In our view, it can not at all be said that the rooms which are available on the plot bearing No. 16/57 Gali No. 1, Joshi Road are reasonably suitable residential accommodation. These are rooms which are being used by the servants of the Respondents. It can hardly be expected that the landlord or his family shift into rooms meant for servants. Mere fact that at an earlier date a tenant was residing in these rooms does not in any way make them suitable for occupation of the landlord. In his evidence the landlord has categorically stated that the premises at Basant Road belong to his wife. The landlord deposed that those premises are being used for commercial purposes only.
The landlord has also produced a licence showing that the ground floor of those premises has been licenced to be used as Bonded Ware House of the storage of the duty free shop.
However, reliance has been placed upon the deposition of the landlord in cross-examination wherein it is admitted that prior to 1965 the landlord was staying on the first floor of those premises and that on the first floor there are two bed rooms, drawing, dining and latrine. It does appear from this admission, in the cross-examination, that on the first floor there are two bed rooms which are still available.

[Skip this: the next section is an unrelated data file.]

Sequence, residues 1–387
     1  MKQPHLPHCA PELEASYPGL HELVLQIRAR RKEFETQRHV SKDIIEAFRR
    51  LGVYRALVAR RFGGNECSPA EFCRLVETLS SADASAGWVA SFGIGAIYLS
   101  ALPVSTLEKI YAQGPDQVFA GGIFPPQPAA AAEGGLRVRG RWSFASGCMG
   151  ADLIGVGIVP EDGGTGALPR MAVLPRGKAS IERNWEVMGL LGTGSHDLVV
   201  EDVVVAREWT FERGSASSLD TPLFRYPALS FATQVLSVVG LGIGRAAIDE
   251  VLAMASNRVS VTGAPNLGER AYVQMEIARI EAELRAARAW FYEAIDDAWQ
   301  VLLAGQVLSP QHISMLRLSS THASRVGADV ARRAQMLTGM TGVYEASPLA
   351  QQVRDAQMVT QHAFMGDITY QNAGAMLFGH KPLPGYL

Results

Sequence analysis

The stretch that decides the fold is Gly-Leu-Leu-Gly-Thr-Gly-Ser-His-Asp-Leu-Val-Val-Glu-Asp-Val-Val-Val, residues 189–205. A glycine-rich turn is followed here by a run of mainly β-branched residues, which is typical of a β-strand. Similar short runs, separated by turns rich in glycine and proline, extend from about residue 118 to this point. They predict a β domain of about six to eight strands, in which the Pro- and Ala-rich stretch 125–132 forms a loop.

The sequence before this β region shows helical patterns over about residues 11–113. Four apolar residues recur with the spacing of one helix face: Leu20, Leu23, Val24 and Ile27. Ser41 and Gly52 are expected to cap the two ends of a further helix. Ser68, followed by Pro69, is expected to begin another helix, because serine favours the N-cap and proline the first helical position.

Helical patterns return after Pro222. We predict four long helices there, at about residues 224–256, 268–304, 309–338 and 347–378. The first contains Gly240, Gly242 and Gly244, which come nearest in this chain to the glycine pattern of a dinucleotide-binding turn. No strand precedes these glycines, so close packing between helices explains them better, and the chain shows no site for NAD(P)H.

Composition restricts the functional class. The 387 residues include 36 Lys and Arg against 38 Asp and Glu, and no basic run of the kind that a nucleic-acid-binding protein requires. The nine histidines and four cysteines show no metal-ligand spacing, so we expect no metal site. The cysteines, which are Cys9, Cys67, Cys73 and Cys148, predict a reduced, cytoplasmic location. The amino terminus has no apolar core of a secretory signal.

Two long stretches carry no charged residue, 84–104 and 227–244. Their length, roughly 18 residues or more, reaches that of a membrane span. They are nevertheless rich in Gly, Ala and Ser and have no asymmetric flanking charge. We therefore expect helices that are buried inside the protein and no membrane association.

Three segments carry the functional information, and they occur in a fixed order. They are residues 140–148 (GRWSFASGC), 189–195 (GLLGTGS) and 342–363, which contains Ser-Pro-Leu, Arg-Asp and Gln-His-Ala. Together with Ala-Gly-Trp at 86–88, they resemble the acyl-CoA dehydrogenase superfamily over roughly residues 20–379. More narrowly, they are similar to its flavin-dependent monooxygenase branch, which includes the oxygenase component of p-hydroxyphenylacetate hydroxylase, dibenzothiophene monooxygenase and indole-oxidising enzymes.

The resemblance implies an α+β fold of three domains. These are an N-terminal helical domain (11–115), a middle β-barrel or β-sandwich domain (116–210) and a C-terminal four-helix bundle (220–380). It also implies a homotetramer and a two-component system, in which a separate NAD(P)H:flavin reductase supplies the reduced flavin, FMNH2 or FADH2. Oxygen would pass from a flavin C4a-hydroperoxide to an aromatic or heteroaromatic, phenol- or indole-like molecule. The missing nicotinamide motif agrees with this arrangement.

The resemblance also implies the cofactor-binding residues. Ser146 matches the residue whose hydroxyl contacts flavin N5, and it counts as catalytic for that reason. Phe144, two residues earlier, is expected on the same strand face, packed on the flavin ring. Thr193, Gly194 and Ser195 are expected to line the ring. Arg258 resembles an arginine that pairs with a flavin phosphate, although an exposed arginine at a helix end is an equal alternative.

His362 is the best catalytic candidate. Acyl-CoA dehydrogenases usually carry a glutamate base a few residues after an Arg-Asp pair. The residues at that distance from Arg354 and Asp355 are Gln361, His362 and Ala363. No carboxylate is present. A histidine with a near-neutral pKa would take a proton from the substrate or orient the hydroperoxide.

However, the question would still be whether these can be considered to be reasonably suitable residential accommodation. This Court has in the case of Shiv Sarup Gupta vs. Dr. Mahesh Chand Guptas. reported in 1999 (6) S.C.C. 222, held in paras 14 and 22 as follows : "14. The availability of an alternative accommodation with the landlord i.e. an accommodation other than the one in occupation of the tenant wherefrom he is sought to be evicted has a dual relevancy. Firstly, the availability of another accommodation suitable and convenient in all respects as the suit accommodation, may have an adverse bearing on the finding as to the bona fides of the landlord if he unreasonably refuses to occupy the available premises to satisfy his alleged need. Availability of such circumstance would enable the court drawing an inference that the need of the landlord was not a felt need or the state of mind of the landlord was not honest, sincere, and natural. Secondly, another principal ingredient of clause (e) of sub-section (1) of Section 14, which speaks of non-availability of any other reasonably suitable residential accommodation to the landlord, would not be satisfied. Wherever another residential accommodation is shown to exist as available then the court has to ask the landlord why he is not occupying such other available accommodation to satisfy his need. The landlord may convince the court that the alternative residential accommodation though available is still of non consequence as the same is not reasonably suitable to satisfy the felt need which the landlord has succeeded in demonstrating objectively to exist. Needless to say that an alternative accommodation, to entail denial of the claim of the landlord must be reasonably suitable. Obviously in comparison with the suit accommodation wherefrom the landlord is seeking eviction. Convenience and safety of the landlord and his family members wold be relevant factors. While considering the totality of the circumstances, the court may keep in view the profession or vocation of the landlord and his family members, their style of living, their habits and the background wherefrom they come.